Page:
The blacklist is part of Beijing's efforts to increase public ‘trustworthiness' of its social credit system, assigning every citizen and business entity a personal score, the South China Morning Post (SCMP) reported.
According to the 2018 annual report recently published by China's National Public Credit Information Center (NPCIC), about 17.46 million people in the country are currently not permitted to buy plane tickets and 5.47 million people are restricted from purchasing tickets on high-speed trains.
In addition, over 3.59 million Chinese enterprises remain blacklisted, preventing them from bidding on projects, accessing securities markets, taking part in land auctions and issuing corporate bonds.
The report states that Chinese authorities gathered over 14.21 million pieces of intel regarding ‘untrustworthy conduct' by individuals and businesses, which includes swindling customers, failing to repay loans, illegal fund collection, false and misleading advertising, as well as improper behaviour such as taking reserved seats on trains or causing issues in hospitals.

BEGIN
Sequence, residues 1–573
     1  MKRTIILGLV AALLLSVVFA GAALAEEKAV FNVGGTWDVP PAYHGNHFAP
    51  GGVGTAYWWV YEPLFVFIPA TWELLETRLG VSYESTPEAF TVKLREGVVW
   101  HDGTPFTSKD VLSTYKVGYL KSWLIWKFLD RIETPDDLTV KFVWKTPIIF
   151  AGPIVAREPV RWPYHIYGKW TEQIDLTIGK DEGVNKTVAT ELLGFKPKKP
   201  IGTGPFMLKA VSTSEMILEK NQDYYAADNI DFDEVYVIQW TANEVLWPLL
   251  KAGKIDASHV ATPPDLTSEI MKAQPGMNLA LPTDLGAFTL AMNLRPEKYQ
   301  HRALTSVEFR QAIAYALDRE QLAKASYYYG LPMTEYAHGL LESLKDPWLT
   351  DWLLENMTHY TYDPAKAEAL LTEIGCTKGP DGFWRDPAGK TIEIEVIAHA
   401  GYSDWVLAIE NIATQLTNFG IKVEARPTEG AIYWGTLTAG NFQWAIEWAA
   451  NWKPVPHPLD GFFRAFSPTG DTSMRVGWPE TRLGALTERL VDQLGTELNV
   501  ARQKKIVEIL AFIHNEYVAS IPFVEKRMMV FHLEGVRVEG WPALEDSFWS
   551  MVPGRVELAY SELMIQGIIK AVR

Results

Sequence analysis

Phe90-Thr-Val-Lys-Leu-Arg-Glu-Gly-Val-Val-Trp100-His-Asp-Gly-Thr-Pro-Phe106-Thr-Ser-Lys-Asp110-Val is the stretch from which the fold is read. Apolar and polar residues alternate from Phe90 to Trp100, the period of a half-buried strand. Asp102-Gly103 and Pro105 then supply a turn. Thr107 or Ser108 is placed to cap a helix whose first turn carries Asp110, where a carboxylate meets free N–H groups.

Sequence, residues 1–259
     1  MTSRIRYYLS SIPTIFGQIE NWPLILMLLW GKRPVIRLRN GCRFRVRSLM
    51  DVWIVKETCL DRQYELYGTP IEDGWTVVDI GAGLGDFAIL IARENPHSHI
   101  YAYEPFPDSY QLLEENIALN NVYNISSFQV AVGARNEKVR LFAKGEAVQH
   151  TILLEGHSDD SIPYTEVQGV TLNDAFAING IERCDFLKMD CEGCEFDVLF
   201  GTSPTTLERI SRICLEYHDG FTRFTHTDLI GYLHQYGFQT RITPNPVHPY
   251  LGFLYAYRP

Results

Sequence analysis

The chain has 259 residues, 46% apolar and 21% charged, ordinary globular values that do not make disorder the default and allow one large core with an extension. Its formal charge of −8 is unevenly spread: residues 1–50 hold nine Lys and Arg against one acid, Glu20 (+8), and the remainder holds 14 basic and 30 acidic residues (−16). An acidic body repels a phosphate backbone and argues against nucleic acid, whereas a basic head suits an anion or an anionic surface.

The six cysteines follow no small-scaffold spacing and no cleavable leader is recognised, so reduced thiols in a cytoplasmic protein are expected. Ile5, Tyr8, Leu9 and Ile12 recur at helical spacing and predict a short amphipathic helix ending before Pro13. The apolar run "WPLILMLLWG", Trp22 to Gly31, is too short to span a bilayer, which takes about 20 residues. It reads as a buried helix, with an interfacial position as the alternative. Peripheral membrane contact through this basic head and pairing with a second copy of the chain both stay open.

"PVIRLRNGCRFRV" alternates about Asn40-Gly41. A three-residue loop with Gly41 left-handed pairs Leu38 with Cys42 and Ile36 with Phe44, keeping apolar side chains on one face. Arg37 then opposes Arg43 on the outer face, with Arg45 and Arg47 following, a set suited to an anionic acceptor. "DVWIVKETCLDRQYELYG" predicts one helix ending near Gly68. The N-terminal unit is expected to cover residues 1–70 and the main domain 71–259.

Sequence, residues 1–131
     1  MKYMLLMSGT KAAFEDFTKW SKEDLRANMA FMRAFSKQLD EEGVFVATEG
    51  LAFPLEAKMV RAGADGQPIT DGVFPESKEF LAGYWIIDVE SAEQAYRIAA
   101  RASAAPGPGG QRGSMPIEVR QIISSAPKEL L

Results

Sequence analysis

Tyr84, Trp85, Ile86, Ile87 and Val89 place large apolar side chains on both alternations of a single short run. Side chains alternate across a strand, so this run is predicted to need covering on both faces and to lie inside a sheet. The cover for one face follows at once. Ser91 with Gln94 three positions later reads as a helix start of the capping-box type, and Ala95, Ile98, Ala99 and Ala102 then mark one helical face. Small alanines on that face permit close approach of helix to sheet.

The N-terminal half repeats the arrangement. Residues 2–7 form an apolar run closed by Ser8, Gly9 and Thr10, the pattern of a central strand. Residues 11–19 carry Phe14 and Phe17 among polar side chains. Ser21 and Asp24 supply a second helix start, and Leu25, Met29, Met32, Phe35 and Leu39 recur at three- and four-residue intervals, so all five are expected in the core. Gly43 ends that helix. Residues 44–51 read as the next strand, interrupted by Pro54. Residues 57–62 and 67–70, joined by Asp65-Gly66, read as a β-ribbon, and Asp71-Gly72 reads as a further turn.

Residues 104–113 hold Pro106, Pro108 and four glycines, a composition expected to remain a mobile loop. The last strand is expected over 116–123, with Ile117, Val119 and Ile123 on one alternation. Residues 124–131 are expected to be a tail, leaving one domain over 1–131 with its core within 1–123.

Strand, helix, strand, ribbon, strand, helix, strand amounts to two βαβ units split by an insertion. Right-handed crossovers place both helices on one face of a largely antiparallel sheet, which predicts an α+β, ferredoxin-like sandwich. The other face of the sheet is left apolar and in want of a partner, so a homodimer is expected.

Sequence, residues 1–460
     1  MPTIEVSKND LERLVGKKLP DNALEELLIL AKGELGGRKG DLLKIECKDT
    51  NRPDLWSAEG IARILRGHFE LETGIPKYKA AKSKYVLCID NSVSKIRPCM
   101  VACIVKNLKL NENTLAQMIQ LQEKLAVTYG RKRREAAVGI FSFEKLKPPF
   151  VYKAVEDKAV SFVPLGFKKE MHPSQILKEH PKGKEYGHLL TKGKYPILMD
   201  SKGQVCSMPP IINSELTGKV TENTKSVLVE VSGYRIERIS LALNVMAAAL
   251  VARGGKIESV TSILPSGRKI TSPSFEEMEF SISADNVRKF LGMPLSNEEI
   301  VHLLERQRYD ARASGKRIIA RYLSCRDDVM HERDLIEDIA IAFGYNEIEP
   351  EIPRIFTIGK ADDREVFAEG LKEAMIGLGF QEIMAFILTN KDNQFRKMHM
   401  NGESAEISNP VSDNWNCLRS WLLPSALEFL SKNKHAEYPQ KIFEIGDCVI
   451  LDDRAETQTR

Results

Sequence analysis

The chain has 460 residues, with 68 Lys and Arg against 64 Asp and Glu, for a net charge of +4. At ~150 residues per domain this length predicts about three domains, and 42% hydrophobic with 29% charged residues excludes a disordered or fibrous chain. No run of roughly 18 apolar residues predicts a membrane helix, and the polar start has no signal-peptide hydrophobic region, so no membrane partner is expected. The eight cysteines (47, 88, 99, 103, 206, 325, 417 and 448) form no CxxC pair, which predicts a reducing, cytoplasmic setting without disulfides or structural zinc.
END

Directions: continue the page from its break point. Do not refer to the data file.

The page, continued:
An additional 3.51 million "untrustworthy" individuals and entities paid taxes or fines last year due to liabilities under the country's social credit system, the report adds.
Of those 3.51 million, 1,282 were peer-to-peer lending platforms located in Zhejiang, Guangdong and Shanghai. Peer-to-peer (P2P) lending, is the practice of lending money to businesses or people through online services matching lenders with borrowers. P2P lending platforms blacklisted in China were unable to repay investors or were convicted in illegal fundraising.